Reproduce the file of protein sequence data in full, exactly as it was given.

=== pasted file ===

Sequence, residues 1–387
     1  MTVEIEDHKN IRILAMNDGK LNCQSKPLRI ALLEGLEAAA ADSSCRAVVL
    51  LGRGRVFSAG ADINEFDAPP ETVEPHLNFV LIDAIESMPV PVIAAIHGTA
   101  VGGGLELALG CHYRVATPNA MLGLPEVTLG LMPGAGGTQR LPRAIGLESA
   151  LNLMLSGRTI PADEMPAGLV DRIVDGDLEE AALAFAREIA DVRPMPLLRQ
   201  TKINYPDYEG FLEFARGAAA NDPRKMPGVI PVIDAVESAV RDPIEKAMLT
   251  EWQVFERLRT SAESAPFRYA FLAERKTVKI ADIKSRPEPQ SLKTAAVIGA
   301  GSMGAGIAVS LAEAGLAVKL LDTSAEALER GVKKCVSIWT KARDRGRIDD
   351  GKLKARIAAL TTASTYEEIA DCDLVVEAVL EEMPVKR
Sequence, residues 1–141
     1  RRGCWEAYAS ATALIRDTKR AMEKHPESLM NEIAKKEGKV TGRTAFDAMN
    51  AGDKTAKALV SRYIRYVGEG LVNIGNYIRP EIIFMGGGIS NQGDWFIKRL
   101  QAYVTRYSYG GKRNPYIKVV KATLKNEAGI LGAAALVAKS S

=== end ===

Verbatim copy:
Sequence, residues 1–387
     1  MTVEIEDHKN IRILAMNDGK LNCQSKPLRI ALLEGLEAAA ADSSCRAVVL
    51  LGRGRVFSAG ADINEFDAPP ETVEPHLNFV LIDAIESMPV PVIAAIHGTA
   101  VGGGLELALG CHYRVATPNA MLGLPEVTLG LMPGAGGTQR LPRAIGLESA
   151  LNLMLSGRTI PADEMPAGLV DRIVDGDLEE AALAFAREIA DVRPMPLLRQ
   201  TKINYPDYEG FLEFARGAAA NDPRKMPGVI PVIDAVESAV RDPIEKAMLT
   251  EWQVFERLRT SAESAPFRYA FLAERKTVKI ADIKSRPEPQ SLKTAAVIGA
   301  GSMGAGIAVS LAEAGLAVKL LDTSAEALER GVKKCVSIWT KARDRGRIDD
   351  GKLKARIAAL TTASTYEEIA DCDLVVEAVL EEMPVKR
Sequence, residues 1–141
     1  RRGCWEAYAS ATALIRDTKR AMEKHPESLM NEIAKKEGKV TGRTAFDAMN
    51  AGDKTAKALV SRYIRYVGEG LVNIGNYIRP EIIFMGGGIS NQGDWFIKRL
   101  QAYVTRYSYG GKRNPYIKVV KATLKNEAGI LGAAALVAKS S